Once I started reading, I was utterly transfixed by the character of Marion. The story is told from her P.O.V. and she is a very unreliable narrator. She forgets things. She is agoraphobic to a point similar to the women in We Have Always Lived in the Castle by Shirley Jackson

And because she did not do anything or take any risks or has gotten out of the house (except for shopping), Marion has become a little mad. She’s a virgin in her 50’s and her entire love life can be summed up to a guy who gave her biscuits when she was 14.

She had always been plain, but now she was old and plain; it seemed doubly unfair to have aged prematurely when so little had happened to her. How had she got worn out so quickly? She felt like a little girl inside, and yet she was an old woman on the surface, an old woman with the experience of a child.

At first you feel sorry for Marion, especially in childhood flashbacks which show the cruelty she endured at the hands of her peers and the neglect and coldness from her parents, but then you realise she has become a monster too. When she went to a show featuring a psychic reading, he yells at her from the stage:

“You are the kind of evil that comes from nothing, from neglect and loneliness. You are like mold that grows in damp dark places, black dirt gathered in corners, a fatal infection that begins with a speck of dirt in an unwashed wound.”

I was a bit taken aback as these shows are known to be hoaxes but the host hit the nail on the head with Marion. Or maybe Marion misheard him? Maybe she heard him say the actual truth because she was aware of it like she was aware of the fact that she and her brother were doing something bad?

Marion lay awake all night, imagining stories on the news about a middle-aged brother and sister luring young foreign women to England then imprisoning them in a cellar. She heard Mother’s voice in her head:

No one cares about these girls. They’ve got nothing. That is why they come to this country. John can help the poor unfortunate things. He can give them an education and protect them from the evil men who want to use them.

But what about their families? she wondered. Someone must miss them and wonder what happens to them?

Their families don’t want them, no one does , replied Mother. Think how lucky you are, Marion, to have been born in England to a good family who took care of you. To have a decent home and financial security.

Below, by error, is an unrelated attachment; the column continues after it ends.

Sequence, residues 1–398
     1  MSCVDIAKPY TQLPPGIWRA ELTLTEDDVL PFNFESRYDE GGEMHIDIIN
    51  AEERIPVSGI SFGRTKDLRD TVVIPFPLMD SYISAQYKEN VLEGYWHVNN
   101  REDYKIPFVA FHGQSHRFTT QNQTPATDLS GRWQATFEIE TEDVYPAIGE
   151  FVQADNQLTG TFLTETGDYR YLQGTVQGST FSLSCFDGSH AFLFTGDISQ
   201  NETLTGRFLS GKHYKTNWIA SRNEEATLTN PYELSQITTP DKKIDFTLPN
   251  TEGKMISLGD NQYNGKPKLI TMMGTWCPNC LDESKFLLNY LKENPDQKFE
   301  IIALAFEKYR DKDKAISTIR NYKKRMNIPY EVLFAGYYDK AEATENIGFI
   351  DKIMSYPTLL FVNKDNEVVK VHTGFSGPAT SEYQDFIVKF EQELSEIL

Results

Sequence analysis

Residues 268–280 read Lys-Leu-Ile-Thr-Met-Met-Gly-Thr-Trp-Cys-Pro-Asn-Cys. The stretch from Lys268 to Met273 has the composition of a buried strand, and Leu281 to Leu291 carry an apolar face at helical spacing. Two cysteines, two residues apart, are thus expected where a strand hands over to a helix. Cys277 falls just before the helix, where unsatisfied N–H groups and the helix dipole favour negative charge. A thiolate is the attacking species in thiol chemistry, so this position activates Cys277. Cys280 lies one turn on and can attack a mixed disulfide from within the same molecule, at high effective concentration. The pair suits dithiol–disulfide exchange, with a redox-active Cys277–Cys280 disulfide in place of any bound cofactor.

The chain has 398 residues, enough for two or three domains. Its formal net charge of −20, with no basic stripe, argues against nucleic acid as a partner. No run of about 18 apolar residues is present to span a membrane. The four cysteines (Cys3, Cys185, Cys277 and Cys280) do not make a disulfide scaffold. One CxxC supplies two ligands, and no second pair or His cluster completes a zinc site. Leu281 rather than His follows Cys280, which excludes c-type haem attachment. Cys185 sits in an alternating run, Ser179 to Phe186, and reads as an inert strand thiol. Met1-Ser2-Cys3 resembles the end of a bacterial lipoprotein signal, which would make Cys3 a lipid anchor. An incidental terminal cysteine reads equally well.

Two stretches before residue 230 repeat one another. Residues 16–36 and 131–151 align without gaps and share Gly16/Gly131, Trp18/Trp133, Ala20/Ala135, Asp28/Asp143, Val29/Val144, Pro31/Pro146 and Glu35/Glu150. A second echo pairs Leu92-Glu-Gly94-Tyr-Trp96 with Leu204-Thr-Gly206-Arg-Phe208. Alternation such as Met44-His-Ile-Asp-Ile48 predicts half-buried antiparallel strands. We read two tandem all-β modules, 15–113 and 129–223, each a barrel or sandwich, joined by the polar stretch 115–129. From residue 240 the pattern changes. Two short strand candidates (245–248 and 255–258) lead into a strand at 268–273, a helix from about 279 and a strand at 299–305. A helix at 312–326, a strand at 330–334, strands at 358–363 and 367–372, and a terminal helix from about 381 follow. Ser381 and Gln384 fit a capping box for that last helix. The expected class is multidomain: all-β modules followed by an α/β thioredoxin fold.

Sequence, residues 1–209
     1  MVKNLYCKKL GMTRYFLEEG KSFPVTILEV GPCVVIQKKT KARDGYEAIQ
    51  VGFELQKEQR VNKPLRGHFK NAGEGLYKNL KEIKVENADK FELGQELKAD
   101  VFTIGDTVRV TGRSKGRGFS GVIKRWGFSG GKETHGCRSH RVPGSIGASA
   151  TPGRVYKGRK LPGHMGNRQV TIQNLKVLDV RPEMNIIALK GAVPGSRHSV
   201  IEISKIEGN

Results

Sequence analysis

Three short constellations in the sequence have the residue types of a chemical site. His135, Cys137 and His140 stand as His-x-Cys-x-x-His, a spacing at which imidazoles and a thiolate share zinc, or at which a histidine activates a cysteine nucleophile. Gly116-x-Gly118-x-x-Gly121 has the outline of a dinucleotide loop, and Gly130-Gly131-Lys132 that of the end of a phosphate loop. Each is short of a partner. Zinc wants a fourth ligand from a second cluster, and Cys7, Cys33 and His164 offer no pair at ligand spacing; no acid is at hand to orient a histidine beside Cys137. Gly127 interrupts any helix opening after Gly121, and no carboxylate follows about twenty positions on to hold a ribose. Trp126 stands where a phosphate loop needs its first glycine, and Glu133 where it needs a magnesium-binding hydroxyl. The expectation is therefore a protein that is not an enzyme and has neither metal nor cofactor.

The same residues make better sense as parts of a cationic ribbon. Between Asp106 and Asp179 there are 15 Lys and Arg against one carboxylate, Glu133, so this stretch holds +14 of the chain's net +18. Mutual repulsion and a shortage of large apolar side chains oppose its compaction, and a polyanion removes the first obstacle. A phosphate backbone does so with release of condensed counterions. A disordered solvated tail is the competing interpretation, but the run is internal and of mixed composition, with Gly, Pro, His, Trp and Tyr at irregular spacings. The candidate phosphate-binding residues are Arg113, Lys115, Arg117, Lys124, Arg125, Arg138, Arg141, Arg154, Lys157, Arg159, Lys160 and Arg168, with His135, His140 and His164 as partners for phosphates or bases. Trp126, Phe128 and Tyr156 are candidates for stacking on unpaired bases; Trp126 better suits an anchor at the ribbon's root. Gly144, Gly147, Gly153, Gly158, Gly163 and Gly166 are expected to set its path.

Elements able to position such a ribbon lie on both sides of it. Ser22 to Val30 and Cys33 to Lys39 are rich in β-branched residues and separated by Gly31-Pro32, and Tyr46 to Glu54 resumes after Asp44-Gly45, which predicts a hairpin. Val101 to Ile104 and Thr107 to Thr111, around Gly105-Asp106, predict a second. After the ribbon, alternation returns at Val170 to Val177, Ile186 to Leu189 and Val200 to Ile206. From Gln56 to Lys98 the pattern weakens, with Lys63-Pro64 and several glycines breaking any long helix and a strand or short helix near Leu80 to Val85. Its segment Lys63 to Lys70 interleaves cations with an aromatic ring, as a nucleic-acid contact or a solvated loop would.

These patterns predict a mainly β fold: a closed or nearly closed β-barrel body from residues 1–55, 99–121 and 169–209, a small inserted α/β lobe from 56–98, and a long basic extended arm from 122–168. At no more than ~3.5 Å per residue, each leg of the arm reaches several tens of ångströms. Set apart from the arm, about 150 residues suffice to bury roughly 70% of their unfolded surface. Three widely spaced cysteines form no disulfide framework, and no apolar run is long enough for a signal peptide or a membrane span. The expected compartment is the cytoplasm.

When John has a heart attack and is taken to the hospital where he is slowly undergoing a slow recovery, Marion is forced to stand on her own two feet and take care of the visitors herself. She is forced to take action and she is upset from being taken out of her comfort zone. When she was lost in the Hospital, it felt like she was explaining Schrodinger’s theory:

As long as I can’t find out where he is, then no one can tell me he has died. So if I stay lost, he will live, Marion thought. Then Mother’s voice scolded her for being so silly. He’s your brother, Marion. He needs you. You have to find him. He is depending on you.

And I think this is where the issue was with Marion. She didn’t have anyone that needed her as a primary care giver. She had the neighbour’s daughter in her care (due to terrible parenting on the neighbour’s side) and only for her she steps up and cleans and goes shopping. Now that John was incapacitated, she needs to go and deal with the Visitors.

When she sees the squalor they live in, she wants to back out.

Marion took a deep breath.  “I want to help, of course. But the situation—really, it is very complicated—you see. I have to think things over—to decide what is best—really, I don’t know—” Marion picked up the gag and went to put it back on Sonya.

Marion is a really terrible person. Even faced with the truth of her brother’s actions, she is incapable of calling the police or letting the girls go as this would be an inconvenience to her life. She ends up killing one with a chair and letting the other one starve chained to the wall.

“But I didn’t bring them here. You did. They are nothing to do with me. If they die, it won’t be my fault.”

“It couldn’t be avoided; what happened simply couldn’t be avoided,” until eventually the voice dimmed and faded away altogether. For the first time in her life she slept alone in the house, yet instead of feeling afraid, she was overcome with a sense of relief, as though an abscess, after troubling her for years, had at last been drained.

This is definitely a must-read for horror fans and it manages to grip you from the first few pages until the horrific ending. I’m not going to spoil it but I will definitely tell you it has some dark humour in it.

5/5